Tag Archives: immigrant

‘Horrendous’: Labor Dept Accuses Company of Employing Dozens of Children at Slaughterhouses

“Taking advantage of children, exposing them to workplace dangers—and interfering with a federal investigation—demonstrates Packers Sanitation Services Inc.’s flagrant disregard for the law and for the wellbeing of young workers,” said the Labor Department.

By Julia Conley  Published 11-11-2022 by Common Dreams

Photo: USDA/flickr

A federal judge on Thursday granted a nationwide injunction against an industrial cleaning company, ordering the company to end its use of “oppressive child labor” after an investigation found it was employing dozens of children as young as 13—some of whom were injured while working in meatpacking facilities.

The U.S. Department of Labor (DOL) requested the injunction in a complaint filed in the U.S. District Court for the District of Nebraska after completing an investigation of Packers Sanitation Services, Inc. (PSSI) that began in late August. Continue reading

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Advocates Lament ‘Extremely Disappointing’ Exclusion of Noncitizens From Biden Marijuana Pardons

“President Biden can and should ensure that marijuana possession convictions do not jeopardize a person’s immigration status,” argued one immigrant rights attorney.

By Brett Wilkins  Published 10-7-2022 by Common Dreams

While welcoming U.S. President Joe Biden’s executive action Thursday pardoning Americans convicted of low-level federal marijuana possession offenses, immigrant rights advocates expressed disappointment that the policy does not apply to noncitizens—and hope that the administration will ensure that everyone benefits from the clemency.

As Common Dreams reported, Biden granted “a full, complete, and unconditional pardon to all current U.S. citizens and lawful permanent residents who committed the offense of simple possession of marijuana,” a plant listed by the Drug Enforcement Administration in the same category as heroin and in a more serious class than cocaine, methamphetamine, and fentanyl. Continue reading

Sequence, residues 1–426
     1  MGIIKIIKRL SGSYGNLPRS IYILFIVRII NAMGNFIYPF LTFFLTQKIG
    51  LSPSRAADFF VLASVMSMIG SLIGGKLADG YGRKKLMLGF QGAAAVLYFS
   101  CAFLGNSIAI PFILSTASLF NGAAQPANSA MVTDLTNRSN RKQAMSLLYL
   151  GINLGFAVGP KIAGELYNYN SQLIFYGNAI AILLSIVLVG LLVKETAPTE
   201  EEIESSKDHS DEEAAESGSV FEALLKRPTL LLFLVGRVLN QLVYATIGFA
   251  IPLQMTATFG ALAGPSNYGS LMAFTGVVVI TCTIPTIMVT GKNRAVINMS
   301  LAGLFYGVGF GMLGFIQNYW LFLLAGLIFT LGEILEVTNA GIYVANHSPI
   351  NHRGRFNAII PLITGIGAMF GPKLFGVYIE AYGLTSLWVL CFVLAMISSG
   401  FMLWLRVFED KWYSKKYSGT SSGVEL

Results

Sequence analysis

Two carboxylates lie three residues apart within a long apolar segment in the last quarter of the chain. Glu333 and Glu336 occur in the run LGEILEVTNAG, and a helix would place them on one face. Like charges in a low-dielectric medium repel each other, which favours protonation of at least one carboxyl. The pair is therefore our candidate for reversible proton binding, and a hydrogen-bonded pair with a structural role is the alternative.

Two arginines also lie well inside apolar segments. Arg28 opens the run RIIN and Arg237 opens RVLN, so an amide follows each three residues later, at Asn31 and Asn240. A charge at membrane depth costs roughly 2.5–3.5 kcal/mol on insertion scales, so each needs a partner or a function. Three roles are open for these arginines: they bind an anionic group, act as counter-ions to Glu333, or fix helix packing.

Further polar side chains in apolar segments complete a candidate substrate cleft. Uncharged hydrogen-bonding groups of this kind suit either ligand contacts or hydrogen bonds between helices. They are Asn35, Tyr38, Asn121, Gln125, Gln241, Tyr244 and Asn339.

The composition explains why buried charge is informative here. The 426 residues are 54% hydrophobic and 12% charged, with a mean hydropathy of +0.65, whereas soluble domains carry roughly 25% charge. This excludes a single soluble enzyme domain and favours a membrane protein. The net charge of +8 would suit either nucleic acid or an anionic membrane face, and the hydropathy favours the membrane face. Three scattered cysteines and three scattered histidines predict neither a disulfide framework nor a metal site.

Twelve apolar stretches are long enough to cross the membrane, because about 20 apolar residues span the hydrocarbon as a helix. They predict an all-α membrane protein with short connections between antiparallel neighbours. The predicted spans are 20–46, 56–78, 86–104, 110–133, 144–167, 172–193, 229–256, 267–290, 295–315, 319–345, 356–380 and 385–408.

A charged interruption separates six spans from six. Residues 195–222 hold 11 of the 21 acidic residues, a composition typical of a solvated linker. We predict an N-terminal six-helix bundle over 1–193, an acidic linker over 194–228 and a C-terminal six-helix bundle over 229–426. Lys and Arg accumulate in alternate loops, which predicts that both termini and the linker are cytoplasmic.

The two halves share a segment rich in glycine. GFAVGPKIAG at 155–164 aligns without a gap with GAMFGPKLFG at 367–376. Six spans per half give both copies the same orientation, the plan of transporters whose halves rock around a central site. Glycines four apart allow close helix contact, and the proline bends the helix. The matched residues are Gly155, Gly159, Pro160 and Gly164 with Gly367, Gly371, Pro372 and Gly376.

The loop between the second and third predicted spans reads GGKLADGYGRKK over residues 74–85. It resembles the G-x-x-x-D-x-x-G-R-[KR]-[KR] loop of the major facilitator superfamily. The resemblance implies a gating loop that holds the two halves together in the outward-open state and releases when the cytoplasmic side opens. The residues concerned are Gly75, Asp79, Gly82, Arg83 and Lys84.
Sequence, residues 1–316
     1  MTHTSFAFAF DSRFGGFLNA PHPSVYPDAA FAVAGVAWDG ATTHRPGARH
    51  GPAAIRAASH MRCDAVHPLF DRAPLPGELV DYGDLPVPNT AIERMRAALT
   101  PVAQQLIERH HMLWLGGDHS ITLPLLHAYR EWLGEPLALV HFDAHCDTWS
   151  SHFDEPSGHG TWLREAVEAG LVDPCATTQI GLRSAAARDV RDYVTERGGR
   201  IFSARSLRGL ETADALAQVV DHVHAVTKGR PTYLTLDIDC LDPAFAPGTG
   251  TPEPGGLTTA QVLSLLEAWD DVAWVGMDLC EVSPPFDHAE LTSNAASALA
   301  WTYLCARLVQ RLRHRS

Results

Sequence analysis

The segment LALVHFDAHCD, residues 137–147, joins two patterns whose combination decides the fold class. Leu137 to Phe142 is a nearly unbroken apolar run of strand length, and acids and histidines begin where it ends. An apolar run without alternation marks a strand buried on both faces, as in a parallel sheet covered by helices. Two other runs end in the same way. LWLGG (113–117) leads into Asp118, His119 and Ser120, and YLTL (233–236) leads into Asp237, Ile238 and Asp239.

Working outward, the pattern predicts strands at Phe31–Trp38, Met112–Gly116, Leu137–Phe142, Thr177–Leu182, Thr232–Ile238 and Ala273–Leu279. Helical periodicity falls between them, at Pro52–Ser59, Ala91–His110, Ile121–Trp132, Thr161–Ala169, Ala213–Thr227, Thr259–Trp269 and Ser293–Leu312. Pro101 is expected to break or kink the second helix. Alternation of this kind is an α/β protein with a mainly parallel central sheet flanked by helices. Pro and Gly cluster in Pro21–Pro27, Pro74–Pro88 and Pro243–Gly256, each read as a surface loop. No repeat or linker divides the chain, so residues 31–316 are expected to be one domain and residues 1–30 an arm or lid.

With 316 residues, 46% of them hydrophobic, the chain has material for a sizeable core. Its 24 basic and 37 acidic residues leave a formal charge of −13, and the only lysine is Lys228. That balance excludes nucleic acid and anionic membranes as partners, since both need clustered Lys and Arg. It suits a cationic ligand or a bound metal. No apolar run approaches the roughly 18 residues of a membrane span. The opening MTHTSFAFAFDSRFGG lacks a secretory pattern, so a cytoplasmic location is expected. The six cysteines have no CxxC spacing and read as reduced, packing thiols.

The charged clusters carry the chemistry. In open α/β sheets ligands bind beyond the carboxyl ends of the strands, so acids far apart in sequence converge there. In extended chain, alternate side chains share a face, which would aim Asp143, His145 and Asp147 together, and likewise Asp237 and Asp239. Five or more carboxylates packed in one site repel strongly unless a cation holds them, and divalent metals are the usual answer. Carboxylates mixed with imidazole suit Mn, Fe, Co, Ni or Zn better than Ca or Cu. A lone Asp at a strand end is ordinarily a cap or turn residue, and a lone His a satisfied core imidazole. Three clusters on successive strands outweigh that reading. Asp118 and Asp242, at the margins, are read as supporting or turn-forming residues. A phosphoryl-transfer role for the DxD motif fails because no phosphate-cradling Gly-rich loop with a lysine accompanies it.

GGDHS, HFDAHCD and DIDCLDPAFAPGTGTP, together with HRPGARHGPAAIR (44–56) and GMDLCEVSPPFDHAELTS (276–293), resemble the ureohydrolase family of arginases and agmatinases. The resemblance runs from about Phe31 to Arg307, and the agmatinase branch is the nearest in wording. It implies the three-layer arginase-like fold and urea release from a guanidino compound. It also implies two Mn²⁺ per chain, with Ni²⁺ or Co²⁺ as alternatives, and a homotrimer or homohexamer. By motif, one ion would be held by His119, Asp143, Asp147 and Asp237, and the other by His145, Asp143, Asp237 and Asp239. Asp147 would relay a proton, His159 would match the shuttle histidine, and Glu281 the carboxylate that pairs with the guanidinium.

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Groups Warn SCOTUS May Gut ‘Foundational’ Digital Rights Law

“Weakening Section 230 would be catastrophic—disproportionately silencing and endangering marginalized communities,” said one campaigner.

By Jessica Corbett  Published 10-4-2022 by Common Dreams

Rights advocates warn weakening Section 230 would disproportionately silence and endanger “marginalized communities including LGBTQ+ people, Black and Brown folks, sex workers, journalists, and human rights activists around the world.” Photo: Public domain

Digital rights advocates responded with alarm to the U.S. Supreme Court’s Monday decision to take up a case that could enable right-wing justices to gut Section 230 of the Communications Decency Act.

“Section 230 is a foundational and widely misunderstood law that protects human rights and free expression online,” said Fight for the Future director Evan Greer in a statement late Monday. Continue reading

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‘Endangers Us All’: Supreme Court Ruling Shields Border Agent From Excessive Force Lawsuit

The ruling leaves thousands of Border Patrol agents “absolutely immunized from liability,” said Justice Sonia Sotomayor, “no matter how egregious the misconduct or resultant injury.”

By Julia Conley   Published 6-9-2022 by Common Dreams

ERO Cross Check 2017. Photo: ICE/flickr/public domain